[r-t] Proportion of Surprise Methods

Don Morrison dfm at ringing.org
Fri Mar 20 14:43:05 UTC 2009

2009/3/20 Richard Smith <richard at ex-parrot.com>:
> Actually, they're not: they're contradictory.

I suspect they probably are, but I don't think this example
demonstrates any contradiction.

As I read (E)C.2, it means that to be surprise there must be an
internal place for each of the principal hunt bells at each of its own
cross sections. That 18 place notation at what is the lead end for one
of the hunt bells is, according to my understanding, a cross section
for the other hunt bell.

And thus I believe this method is unambiguously a delight method,
according to the current Decisions, a property I think is invariant
under rotation, though I'd not want to have to prove it.

And having said that, I'm pleased to confirm that if you plug either
place notation into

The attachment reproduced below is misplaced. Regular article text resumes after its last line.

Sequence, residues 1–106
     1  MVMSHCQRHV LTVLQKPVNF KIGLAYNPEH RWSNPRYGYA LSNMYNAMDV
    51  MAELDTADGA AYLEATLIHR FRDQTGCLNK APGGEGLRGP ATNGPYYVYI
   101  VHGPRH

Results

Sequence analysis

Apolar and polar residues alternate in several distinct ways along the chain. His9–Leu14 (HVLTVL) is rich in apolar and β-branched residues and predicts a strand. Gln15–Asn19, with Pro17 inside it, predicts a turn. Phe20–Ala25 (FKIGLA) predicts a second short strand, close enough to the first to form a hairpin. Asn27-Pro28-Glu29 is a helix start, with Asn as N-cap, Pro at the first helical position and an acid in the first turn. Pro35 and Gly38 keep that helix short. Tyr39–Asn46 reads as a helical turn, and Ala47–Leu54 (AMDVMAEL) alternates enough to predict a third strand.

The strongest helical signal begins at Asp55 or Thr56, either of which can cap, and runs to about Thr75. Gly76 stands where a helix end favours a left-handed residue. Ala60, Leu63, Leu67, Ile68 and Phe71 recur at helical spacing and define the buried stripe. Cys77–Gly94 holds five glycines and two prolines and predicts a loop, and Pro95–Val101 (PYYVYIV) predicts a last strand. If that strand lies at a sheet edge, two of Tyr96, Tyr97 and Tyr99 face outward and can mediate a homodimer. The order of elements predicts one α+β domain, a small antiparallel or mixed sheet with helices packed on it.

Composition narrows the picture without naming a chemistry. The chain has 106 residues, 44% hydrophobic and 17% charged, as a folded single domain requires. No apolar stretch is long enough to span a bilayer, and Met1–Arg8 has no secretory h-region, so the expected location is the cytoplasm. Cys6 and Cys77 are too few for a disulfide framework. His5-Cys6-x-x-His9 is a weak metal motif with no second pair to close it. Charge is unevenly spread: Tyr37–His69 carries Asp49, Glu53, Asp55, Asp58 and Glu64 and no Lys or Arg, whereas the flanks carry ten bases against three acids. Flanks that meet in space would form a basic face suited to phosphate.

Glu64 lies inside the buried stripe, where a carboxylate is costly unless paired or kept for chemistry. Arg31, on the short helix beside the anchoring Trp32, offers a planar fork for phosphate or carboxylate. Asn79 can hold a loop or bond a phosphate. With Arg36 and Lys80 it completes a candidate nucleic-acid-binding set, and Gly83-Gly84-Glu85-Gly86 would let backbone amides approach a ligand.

it also believes them both to be delight methods. It's been a while,
but I think I did try to think this through a bit when writing that
code, and it appears I got it right, or at least consistent, in at
least this case.

I'm not trying to argue that this is necessarily a good definition of
method class, and certainly not one that appears to have any practical
utility. But I think, at least with respect to this example, it is at
least self-consistent, and also does have the virtue to reducing to
common practice for the common cases.

Or am I, as usual, missing something?

Don Morrison <dfm at ringing.org>
"The press was to serve the governed, not the governors. The
Government's power to censor the press was abolished so that
the press would remain forever free to censure the Government."
     -- Hugo Black, decision in New York Times v. United States

More information about the ringing-theory mailing list